Thursday, June 30, 2016

Quintilian, Transcriptions, Publication, and Mark's Gospel

Mark writing the Gospel, London Rothschild Hours

Quintilian, a famous orator from the later part of the first century CE (see previous post), wrote his most famous work "Institutes of Oratory" in response to requests made by his students. Apparently, his students and followers wished for Quintilian to put down his vast knowledge and experience in teaching and practicing the art of rhetoric into a more permanent written form (Pref. 1-3). He dedicated the work to Marcellus Victorius because of his "extraordinary love of letters" and because, Quintilian wrote, "my treatise seemed likely to be of use for the instruction of your son" (Pref. 6). 
It seems, however, that portions of Quintilian's teaching on rhetoric was already circulating in written form. He wrote that, 
"This I rather designed, because two books on 'The Art of Rhetoric' were already in circulation under my name, though neither published by me nor composed for that object, for after holding two days' discourse with me, some youths, to whom that time was devoted, had caught up the first by heart; the other, which was learned indeed in a greater number of days (as far as they could learn by taking notes), some of my young pupils, of excellent disposition, but of too great fondness for me, had made known through the indiscreet honor of publication. In these books, accordingly, there will be some things the same, many altered, very many added, but all better arranged, and rendered, as far as I shall be able, complete." (Pref. 7-8)
It is clear that this work, "The Art of Rhetoric," contained transcriptions of Quintilian's lectures, but was not written by Quintilian himself, and was done without his knowlege. Though this writing was attributed to Quintilian, he did not regard it as a sanctioned work, fully polished and complete, worthy of circulation. He contrasted this poorly written transcription with his "Institutes," which was designed to teach "from the very cradle as it were of oratory, through all the studies which can at all assist the future speaker to the summit of that art" (Pref. 6). It was Quintilian's desire that this new, carefully crafted work would supplant the inferior transcription in circulation, for he told Victorius that the material in the "Institutes" was "better arranged, and rendered, as far as I shall be able, complete" (Pref. 8).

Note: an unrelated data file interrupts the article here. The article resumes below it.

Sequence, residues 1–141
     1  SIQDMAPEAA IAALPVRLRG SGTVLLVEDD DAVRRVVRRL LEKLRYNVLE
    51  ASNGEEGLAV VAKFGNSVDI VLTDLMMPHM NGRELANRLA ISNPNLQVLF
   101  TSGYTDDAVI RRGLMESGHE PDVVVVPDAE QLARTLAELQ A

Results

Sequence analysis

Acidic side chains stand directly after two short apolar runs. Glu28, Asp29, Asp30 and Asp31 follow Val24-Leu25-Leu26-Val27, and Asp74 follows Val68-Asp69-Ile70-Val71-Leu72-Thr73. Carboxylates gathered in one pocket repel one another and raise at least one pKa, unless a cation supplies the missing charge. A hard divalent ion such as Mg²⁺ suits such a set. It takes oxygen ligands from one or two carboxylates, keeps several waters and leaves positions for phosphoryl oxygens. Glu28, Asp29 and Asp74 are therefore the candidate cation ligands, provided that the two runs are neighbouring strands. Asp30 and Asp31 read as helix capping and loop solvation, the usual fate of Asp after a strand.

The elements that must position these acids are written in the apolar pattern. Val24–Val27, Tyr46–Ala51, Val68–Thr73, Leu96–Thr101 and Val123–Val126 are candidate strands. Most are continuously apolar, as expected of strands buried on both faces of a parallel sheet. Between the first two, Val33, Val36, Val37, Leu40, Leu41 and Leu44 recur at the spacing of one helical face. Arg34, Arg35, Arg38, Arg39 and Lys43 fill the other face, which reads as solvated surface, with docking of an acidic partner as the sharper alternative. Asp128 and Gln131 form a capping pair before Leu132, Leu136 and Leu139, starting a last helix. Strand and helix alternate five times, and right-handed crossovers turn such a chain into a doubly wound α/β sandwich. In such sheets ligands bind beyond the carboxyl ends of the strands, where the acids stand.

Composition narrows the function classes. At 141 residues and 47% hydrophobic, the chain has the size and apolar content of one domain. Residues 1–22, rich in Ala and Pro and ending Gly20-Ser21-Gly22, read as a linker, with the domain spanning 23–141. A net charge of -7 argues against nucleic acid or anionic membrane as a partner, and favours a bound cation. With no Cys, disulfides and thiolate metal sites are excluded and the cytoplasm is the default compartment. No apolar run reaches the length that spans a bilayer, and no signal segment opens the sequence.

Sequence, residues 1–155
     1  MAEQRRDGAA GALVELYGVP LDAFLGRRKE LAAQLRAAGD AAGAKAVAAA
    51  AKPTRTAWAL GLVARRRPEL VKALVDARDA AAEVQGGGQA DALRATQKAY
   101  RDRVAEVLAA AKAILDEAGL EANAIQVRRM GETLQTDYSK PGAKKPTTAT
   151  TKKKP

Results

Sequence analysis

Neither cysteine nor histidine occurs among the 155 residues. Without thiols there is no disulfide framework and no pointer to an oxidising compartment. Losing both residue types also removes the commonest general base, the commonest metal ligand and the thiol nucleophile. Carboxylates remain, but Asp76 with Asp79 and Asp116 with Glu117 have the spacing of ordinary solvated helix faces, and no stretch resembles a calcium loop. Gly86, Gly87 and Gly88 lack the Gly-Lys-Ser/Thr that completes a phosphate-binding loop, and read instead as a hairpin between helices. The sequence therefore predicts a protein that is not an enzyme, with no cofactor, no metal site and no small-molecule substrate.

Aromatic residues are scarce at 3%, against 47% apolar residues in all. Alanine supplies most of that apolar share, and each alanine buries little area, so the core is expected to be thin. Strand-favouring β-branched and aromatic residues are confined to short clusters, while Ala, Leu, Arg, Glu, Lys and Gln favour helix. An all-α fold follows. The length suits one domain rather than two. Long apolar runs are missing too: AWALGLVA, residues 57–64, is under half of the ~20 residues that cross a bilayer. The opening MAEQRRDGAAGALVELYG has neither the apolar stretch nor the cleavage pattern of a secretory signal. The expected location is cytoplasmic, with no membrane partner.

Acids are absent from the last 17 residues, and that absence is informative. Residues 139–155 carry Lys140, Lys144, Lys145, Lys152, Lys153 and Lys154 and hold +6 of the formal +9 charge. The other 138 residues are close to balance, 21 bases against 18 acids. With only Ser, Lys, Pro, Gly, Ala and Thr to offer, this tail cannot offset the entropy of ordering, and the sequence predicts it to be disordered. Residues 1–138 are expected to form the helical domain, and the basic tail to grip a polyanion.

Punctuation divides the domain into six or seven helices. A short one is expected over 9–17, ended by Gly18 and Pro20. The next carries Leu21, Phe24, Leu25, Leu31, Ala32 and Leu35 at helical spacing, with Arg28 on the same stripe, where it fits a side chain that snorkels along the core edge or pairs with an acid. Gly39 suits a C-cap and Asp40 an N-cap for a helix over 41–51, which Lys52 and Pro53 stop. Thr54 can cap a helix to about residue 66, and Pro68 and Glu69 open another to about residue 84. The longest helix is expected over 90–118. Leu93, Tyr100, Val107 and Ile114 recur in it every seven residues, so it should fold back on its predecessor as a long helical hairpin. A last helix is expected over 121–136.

Quintilian's account of the transcription of his lectures being published, brings to mind Papias's account (ca. 100 CE) of the circumstances surrounding the composition of Mark's Gospel.
"And the Elder used to say this: 'Mark, having become Peter's interpreter, wrote down accurately everything he remembered, though not in order, of the things either said or done by Christ. For he neither heard the Lord nor followed him, but afterward, as I said, followed Peter, who adapted his teachings as needed but had no intention of giving an ordered account of the Lord's sayings. Consequently Mark did nothing wrong in writing down some things as he remembered them, for he made it his one concern not omit anything which he heard or to make any false statement in them." (Eusebius, Hist. eccl. 3.39; Holmes, 569)
According to Papias, Mark copied down the teaching of Peter, arranged the material into a written document that contained everything that Peter taught. An interesting difference between Quintilian and Mark is that, in Quintilian's case, the transcriptions were circulated under his name, whereas, Mark's Gospel, as far as we know, was never circulated under Peter's name. Perhaps this is due to the fact that Mark was more instrumental in "composing" material while keeping it faithful to Peter's teaching. Also, Quintilian does not seem to be too pleased that this writing is circulating under his name and would rather have something more polished and complete attributed to him.

Holmes, Michael W., ed. The Apostolic Fathers: Greek texts and English translations. Grand Rapids: Baker Books, 1999.

Quintilian. 2006. Institutes of Oratory. Ed. Lee Honeycutt. Trans. John Selby Watson. (accessed June 30, 2016).


  1. Timothy, thanks for sharing this thought-provoking parallel (only got to it today)! Definitely something to consider as my dissertation will be on Mark.


  2. You are welcome Peter. There are many similar nuggets in Quintilian!